MotoGP History & Australian GP

Sean Alexander
by Sean Alexander
I've cut and pasted a few (typically great) press releases from Camel Media Services. Here is a great preview of the upcoming Australian GP, as well as some interesting history on Father/Son motorcycle racing.



It’s a shame that Graziano Rossi is not a great fan of air travel. For the fourth time out of five, a proud father misses the chance to celebrate a World title with his son, because he will not venture up the steps of the "silver bird".

When Valentino Rossi clinched the MotoGP World title at Sepang in Malaysia on Sunday, his father was back home in Italy living every moment of the race and consequent celebrations through a television screen in the early hours of a Sunday morning.

Only once has one of grands prix racing most celebrated father and son relationships been able to celebrate a world title together. That was in 1997 when Valentino won his first world title, the 125cc crown at Brno in the Czech Republic, just a few hours car drive for Graziano. The other triumphs have come at venues impossible to reach by anything other than aero plane and Graziano will not go near them.

Father and son success in grand prix motor cycle racing is nothing new. The most famous family partnership shares the same name, Kenny Roberts. It was only after Kenny Roberts junior emulated his father by winning the 500cc World Championship that he dropped the Junior tag. He’d come of age and he wanted everybody including his dad, to realize just that. They are still the only father and son to win a World title. Kenny senior won three consecutive 500cc World titles between 1978 - 1980. Kenny Junior brought Suzuki the title in Rio three years ago. His father has no fear of flying and was there to celebrate with him.

The first father and son to both win grands prix races were the British pair of Les and Stuart Graham. It was right and proper that the first rider to win the 500cc World Championship in 1949 should produce the first son to win a grand prix 18 years later. Les Graham won the very first World 500cc title riding the British AJS machine but sadly was not alive when his son Stuart won the 1967 50cc TT race in the Isle of Man for Suzuki. It was a poignant moment for son Stuart because father Les had been killed on the very same 60.721km Mountain circuit in 1953.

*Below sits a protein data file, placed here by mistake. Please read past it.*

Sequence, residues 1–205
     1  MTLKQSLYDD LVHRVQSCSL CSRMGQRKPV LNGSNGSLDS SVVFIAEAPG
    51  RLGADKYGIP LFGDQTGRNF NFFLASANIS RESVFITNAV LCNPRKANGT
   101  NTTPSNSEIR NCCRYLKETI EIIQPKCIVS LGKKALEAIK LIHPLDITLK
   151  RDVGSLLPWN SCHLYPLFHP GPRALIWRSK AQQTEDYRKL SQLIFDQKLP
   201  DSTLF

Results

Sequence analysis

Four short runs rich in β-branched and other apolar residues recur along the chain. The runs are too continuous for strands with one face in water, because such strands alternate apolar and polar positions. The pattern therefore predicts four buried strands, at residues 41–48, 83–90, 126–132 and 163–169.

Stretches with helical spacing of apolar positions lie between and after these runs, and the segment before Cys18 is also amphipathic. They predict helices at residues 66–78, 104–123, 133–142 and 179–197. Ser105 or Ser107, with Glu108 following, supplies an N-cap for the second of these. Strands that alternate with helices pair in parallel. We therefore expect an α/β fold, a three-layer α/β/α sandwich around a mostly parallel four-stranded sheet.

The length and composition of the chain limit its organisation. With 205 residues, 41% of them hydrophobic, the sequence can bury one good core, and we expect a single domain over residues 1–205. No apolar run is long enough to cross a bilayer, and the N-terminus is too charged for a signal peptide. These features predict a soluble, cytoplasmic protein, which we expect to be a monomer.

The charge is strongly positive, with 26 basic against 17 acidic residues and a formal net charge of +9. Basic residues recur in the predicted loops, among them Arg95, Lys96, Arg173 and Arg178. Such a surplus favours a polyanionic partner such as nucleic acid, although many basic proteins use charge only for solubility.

Following very closely in their footsteps were the Italian Pagani family. Father Nello won two 500cc grands prix for the Italian Gilera factory in 1949, the same year Graham won the title. His victories came in Assen and Monza. He actually scored more points than Graham but with only your three best results counting towards the title, Graham won it by a single point. Nello made up for the 500ccdisappointment by winning the very first 125cc World Championship the same year for Mondial following victories in Berne and Assen.

Amazingly it was again 18 years later that his son Alberto scored the first of his three 500cc victories, riding the Linto to victory at Monza. The Second World War meant that both Graham and Pagani Senior were 37 years old before they won their first grands prix while Stuart Graham was 25 and Alberto Pagani just 21-years-old.

It was nearly three decades later that the Rossi´s became the third father and son to win grands prix. In 1979 father Graziano could have little realized when he won the first of his three grand prix victories riding the 250cc Morbidelli at Rijeka In Yugoslavia, what his son Valentino would go on to achieve. In fact his son was just five months old when Dad beat Australian Greg Hansford that day. Seventeen years later Valentino won his first grand prix on the 125ccAprilia in Brno and the rest is history.

Right up to date and just last month Pablo Nieto at last won a grand prix race and has just another 89 to go before catching up his father Angel. The 23-year-old Spaniard had been waiting five years since his grand prix debut for that day. He won the 125cc race at the Portuguese Grand Prix in Estoril and first to congratulate him was 13 times World Champion Angel.